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Why is battery technology so behind the times?

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That's true of Lithium batteries as well.

This!


That is an aspect we should care less about.

We don't need new elements. We need creative thinking to formulate better chemistries from the existing lot.


While that is correct, the problem is volume. In small amounts, yes LiFePo is safer by far. But in large battery packs like the type that go into vehicles, cascade and runaway effects apply dramatically. The danger is reduced, sure, but not by nearly enough.

The solution is NOT Lithium based.

so far lithium is doing me okay.. but then again i aint daft enough to own an electric car.. for anything more than short local trips i think they are a waste of space.. more so when governments start charging a mileage tax in an attempt to get the lost gas tax back.. i do own a couple of electric bikes though..

trog
 
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Give me an EV that uses Molten Metal Batteries
 
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As long as those batteries have to move, I don't see how weight can be ignored.
We're not talking about lead-acid kinds of weight. NiMH batteries are only 15% to 20% heavier depending on formulation and packaging. That's not a lot when considering weight in the context of a battery pack being compared to the rest of the mass of the vehicle in question.
There aren't any, so yeah...
That's not true, but that's a completely different topic altogether.
Maybe. Or maybe we need some outside-the-box thinking and another way to harness electricity. Both easier said than done
True. We need a breakthrough somewhere because the status-quo is not acceptable.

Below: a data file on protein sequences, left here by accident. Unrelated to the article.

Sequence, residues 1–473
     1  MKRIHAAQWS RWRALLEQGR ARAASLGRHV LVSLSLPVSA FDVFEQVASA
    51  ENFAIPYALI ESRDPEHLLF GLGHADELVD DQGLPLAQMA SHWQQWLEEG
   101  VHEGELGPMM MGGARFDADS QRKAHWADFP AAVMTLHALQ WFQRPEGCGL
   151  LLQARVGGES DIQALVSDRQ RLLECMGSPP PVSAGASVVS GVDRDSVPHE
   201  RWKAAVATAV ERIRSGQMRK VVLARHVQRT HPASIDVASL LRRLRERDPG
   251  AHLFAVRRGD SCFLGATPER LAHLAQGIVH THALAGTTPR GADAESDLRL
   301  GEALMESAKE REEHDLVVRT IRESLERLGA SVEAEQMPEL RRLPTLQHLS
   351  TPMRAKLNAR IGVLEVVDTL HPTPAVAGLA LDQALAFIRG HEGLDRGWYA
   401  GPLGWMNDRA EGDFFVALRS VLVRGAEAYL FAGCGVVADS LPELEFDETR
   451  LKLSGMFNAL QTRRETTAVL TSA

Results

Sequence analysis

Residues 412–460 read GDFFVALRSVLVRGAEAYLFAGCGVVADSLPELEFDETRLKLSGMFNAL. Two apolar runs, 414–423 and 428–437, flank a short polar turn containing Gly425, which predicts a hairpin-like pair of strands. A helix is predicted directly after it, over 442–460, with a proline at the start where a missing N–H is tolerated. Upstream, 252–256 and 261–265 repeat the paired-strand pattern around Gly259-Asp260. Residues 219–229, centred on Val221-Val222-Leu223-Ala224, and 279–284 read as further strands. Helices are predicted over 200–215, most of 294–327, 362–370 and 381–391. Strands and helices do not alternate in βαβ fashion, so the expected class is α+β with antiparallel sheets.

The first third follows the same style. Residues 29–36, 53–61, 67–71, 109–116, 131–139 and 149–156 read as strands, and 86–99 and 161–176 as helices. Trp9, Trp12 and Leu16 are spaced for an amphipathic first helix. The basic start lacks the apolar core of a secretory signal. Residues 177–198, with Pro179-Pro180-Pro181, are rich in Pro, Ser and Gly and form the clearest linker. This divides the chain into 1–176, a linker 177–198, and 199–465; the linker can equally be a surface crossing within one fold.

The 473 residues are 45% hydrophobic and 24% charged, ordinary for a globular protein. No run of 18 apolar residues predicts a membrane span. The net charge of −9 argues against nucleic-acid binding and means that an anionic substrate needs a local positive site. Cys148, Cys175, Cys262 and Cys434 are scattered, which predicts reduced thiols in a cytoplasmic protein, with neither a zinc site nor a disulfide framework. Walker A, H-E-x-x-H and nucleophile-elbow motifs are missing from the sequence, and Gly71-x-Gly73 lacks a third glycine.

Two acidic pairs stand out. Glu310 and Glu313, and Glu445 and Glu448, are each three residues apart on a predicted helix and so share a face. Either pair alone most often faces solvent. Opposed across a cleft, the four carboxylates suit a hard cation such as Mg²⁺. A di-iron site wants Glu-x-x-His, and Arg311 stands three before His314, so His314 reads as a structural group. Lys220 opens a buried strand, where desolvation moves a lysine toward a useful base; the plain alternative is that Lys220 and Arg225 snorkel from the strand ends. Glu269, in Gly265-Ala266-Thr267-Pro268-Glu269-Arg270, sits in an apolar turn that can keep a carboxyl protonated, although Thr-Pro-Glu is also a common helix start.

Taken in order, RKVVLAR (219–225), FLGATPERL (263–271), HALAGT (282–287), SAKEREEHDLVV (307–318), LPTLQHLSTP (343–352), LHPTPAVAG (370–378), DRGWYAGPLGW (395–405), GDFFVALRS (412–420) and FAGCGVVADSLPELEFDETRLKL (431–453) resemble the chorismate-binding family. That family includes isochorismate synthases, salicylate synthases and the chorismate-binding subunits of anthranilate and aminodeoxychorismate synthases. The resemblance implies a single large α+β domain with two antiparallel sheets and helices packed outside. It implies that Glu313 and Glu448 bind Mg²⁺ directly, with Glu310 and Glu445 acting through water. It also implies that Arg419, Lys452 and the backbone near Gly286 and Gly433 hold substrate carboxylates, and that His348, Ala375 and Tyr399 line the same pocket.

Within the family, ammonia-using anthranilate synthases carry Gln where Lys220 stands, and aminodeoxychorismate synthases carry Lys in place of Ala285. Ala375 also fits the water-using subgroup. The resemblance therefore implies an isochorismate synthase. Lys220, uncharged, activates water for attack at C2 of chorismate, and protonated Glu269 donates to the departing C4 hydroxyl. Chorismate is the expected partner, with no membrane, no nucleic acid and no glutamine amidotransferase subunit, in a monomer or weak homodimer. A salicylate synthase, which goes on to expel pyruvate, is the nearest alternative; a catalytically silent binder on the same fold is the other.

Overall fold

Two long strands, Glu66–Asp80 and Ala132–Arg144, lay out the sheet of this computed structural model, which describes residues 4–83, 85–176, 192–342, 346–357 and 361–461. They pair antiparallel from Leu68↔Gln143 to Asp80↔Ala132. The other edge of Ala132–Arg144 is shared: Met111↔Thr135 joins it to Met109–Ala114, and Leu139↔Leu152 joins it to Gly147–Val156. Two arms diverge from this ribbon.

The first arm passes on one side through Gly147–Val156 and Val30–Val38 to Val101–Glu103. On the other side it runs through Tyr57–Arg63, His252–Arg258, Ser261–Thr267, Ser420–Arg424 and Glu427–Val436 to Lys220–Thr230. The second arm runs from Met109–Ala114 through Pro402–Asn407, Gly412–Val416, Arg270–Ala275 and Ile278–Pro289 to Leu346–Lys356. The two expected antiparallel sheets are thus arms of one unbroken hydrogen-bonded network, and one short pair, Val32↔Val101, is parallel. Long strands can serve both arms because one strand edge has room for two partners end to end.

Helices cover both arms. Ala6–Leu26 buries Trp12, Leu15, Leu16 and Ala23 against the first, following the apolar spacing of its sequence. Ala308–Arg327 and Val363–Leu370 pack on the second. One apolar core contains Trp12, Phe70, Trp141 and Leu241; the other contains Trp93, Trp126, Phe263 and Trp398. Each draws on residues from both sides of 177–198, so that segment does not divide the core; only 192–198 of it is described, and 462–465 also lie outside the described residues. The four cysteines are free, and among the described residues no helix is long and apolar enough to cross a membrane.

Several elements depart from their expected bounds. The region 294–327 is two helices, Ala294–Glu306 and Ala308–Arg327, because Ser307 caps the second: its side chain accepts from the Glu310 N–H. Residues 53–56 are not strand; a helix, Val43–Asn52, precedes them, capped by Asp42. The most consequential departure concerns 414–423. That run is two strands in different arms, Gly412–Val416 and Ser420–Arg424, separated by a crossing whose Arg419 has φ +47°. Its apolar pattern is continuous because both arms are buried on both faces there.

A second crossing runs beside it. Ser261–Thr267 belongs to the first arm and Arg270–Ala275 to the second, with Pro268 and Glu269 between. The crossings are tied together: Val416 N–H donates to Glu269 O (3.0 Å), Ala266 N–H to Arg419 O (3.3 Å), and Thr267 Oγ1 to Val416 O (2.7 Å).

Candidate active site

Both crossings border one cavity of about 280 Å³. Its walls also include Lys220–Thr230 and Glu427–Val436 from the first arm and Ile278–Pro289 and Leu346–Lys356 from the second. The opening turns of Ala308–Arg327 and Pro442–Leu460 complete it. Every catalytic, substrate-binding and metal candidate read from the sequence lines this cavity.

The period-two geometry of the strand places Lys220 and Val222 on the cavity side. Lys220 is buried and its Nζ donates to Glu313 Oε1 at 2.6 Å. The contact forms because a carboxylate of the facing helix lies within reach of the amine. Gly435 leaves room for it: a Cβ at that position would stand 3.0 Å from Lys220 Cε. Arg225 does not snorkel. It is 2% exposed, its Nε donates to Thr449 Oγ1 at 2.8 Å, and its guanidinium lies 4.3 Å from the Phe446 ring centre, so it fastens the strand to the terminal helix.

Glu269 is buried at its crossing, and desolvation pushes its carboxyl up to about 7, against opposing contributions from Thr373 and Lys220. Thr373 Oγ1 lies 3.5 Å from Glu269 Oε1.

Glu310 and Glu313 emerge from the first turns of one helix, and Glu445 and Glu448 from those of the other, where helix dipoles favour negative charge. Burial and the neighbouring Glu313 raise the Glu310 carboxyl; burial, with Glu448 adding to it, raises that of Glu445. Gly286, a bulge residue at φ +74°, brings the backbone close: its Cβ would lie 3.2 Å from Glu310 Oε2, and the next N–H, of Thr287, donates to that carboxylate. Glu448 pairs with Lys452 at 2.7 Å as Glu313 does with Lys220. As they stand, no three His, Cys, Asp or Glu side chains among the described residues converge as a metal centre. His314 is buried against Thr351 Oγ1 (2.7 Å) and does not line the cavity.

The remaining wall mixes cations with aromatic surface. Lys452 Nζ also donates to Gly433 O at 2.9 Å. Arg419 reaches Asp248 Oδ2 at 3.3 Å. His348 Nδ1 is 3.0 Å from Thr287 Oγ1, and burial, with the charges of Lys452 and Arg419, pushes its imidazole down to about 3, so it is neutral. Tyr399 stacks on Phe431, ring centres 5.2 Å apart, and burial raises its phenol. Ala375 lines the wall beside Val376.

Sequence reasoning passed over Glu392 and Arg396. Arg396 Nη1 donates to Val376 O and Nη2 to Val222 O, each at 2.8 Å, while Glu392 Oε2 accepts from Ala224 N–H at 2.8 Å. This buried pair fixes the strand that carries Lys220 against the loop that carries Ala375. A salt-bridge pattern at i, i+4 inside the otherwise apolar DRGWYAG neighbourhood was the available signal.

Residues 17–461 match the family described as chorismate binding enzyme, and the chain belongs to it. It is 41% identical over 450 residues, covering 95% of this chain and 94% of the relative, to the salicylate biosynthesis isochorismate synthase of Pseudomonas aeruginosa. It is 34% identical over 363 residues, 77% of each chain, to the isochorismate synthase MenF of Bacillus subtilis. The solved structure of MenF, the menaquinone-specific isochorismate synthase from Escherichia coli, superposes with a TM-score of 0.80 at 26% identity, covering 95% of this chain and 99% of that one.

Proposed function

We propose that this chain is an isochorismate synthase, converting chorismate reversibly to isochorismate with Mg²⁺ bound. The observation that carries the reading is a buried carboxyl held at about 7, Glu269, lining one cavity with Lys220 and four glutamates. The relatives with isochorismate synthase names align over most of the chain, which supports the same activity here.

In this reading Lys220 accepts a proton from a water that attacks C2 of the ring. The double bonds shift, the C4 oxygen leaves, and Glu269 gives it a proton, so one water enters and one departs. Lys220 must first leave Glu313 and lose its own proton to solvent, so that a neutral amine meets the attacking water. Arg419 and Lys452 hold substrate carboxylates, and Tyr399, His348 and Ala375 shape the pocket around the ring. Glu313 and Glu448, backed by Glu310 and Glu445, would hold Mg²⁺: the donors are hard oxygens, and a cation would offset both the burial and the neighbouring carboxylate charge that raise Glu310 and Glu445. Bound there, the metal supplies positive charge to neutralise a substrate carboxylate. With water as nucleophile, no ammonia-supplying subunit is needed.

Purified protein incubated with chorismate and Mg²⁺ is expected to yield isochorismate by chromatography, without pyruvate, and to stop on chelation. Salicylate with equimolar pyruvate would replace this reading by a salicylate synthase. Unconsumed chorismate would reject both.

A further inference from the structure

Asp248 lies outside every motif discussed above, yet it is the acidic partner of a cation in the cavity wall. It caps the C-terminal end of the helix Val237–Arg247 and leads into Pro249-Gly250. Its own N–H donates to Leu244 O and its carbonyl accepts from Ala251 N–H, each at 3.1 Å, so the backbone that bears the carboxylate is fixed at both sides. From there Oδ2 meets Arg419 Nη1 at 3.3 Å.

so far lithium is doing me okay.. but then again i aint daft enough to own an electric car..
And there we are. Small amounts of it are ok. Still risky as a phone or tablet battery catching fire can still burn a house down, but the risk is much smaller than packing several hundred kilograms of the stuff into a car...
i do own a couple of electric bikes though..
That's something I can get behind as well. Smaller battery packs and if they catch fire, it's a very easy task to get off of a bike. I actually want one. 29" wide wheel version.
 
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I think its the pricepoint.

On the CPU with Silicon its the same, there are new techniques but no one will use it. (Graphene, Gallium et all.)

In 2010 i read an article about the future CPU in the comming 10 years, it will use Graphene and Gallium et all, now 12 years later nothing happens still Silicon but now with 5 GHz stock boost Clocks.
If we compare one core of a I7 860 on the same clock with a I7 12700 core, we get maybe about 93% performance gain in 13 years.
 
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i aint gonna knock lithium batteries.. they have pretty much change the world as we know it.. the power they can produce is remarkable..

i have a small-ish jump start pack.. it can easily fit in one hand or a large pocket.. it has the power to jump start a large diesel engine.. i would not have believed it if there wasnt youtube videos showing them in action..

there is one video of a guy who owns a large shovel truck.. its lead acid batteries died years ago.. he used this pissy little lithium jump start device to start the bloody thing.. remarkable..

trog
 

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What I meant was that the periodic table is far from complete.